Acute Pancreatitis in Childhood May Increase Risk for Type 2 Diabetes

Patients with a history of acute pancreatitis may require closer follow-up and control of diabetes risk factors in young adulthood.

A history of childhood acute pancreatitis that resolved without compromised pancreatic function may be associated with a 2-fold increased risk for type 2 diabetes and younger age at diabetes diagnosis, according to study results published in Diabetes Care.

As there are limited data on the association between a resolved single event of acute pancreatitis in childhood and the risk for diabetes later in life, the goal of the current study was to explore this association in a nationwide cohort of 1.8 million adolescents in Israel.

The study included all potential Israeli adolescents and young adults who underwent a medical examination at 16 to 20 years of age between January 1979 and December 2008 before compulsory military service. After the exclusion of patients with a history of diabetes or dysglycemia, missing height or weight data, or death before 2012, the final study cohort included 1,802,110 patients. Of these, 394 had a history of childhood pancreatic disease, including 281 with resolved pancreatitis and 113 with chronic pancreatic disease.

Of the 281 individuals with resolved pancreatitis, defined as a single event of acute pancreatitis at least 1 year before the study with normal pancreatic function at enrollment, 13 (4.63%) developed type 2 diabetes compared with 44,463 of 1,801,716 patients (2.47%) with no history of pancreatitis. The age-, sex-, and birth year-adjusted odds ratio was 2.23 (95% CI, 1.25-3.98) and the increased risk persisted after further adjustment for body mass index and sociodemographic confounders, with an odds ratio of 2.10 (95% CI, 1.15-3.84).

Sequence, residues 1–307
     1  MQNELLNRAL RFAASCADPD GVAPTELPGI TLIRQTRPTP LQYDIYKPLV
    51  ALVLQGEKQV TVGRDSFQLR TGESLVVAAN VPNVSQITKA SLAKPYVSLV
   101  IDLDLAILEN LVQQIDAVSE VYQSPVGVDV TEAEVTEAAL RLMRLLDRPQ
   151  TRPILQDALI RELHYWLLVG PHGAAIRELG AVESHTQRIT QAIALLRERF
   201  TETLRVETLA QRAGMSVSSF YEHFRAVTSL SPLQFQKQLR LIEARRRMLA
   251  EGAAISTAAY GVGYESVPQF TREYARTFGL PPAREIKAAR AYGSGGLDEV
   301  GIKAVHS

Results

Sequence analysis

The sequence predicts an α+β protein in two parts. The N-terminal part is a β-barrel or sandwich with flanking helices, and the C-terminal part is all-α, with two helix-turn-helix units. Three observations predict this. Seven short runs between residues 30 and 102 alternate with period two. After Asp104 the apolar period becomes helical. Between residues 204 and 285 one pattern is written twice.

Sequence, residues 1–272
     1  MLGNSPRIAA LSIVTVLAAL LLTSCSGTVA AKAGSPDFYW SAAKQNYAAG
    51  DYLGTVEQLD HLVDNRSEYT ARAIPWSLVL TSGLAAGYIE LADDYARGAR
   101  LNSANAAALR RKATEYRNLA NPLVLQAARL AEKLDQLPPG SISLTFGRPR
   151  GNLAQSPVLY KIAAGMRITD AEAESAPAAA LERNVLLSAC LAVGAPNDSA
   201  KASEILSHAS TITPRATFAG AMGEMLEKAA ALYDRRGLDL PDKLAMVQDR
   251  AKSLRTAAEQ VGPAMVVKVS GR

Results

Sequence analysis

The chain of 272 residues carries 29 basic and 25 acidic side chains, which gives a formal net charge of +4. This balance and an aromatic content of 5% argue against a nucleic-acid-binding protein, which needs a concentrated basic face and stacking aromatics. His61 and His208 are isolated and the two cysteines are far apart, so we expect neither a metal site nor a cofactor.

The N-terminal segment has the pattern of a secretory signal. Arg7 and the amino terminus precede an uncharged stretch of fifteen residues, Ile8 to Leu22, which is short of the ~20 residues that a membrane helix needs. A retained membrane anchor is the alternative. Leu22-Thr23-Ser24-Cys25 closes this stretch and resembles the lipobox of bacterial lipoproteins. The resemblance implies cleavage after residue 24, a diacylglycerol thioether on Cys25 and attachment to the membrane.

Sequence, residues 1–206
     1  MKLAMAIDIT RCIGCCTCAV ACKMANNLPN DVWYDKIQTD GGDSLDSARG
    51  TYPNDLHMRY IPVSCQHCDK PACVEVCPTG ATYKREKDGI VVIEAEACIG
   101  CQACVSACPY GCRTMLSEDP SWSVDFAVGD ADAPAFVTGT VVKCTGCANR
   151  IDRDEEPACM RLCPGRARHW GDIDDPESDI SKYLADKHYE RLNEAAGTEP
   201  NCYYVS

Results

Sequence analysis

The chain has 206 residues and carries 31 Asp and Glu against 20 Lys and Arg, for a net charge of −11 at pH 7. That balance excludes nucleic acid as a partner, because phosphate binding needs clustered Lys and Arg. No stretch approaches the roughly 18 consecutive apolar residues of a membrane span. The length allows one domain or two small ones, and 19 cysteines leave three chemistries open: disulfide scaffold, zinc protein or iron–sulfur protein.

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Diagnosis of diabetes in patients with a history of resolved childhood pancreatitis was also at a significantly younger age compared with age at diagnosis in the unexposed group (36.4±4.8 vs 40.7±7.2 years; P =.037). Furthermore, 92% of patients with diabetes in the group with a history of childhood pancreatitis developed diabetes before 40 years of age compared with 47% of patients without a history of childhood pancreatitis (P =.002).

The risk for incident diabetes linked to resolved pancreatitis in childhood was accentuated when only individuals with normal body mass index were included (adjusted odds ratio, 3.09; 95% CI, 1.57-6.08).

The researchers noted that the study had several limitations, including missing data on the etiology and clinical severity of pancreatitis or recurrent events after military service, lifestyle data, and diabetes severity.

“[A] clinically resolved single event of acute pancreatitis is associated with an increased risk for diabetes at young adulthood, independent of adolescent obesity or sociodemographic factors, and is associated with a younger age of disease diagnosis,” concluded the researchers. “These patients therefore may require a tighter follow-up and aggressive control of other diabetes risk factors.”

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Bendor CD, Bardugo A, Zucker I, et al. Childhood pancreatitis and risk for incident diabetes in adulthood [published online November 6, 2019]. Diabetes Care. doi:10.2337/dc19-1562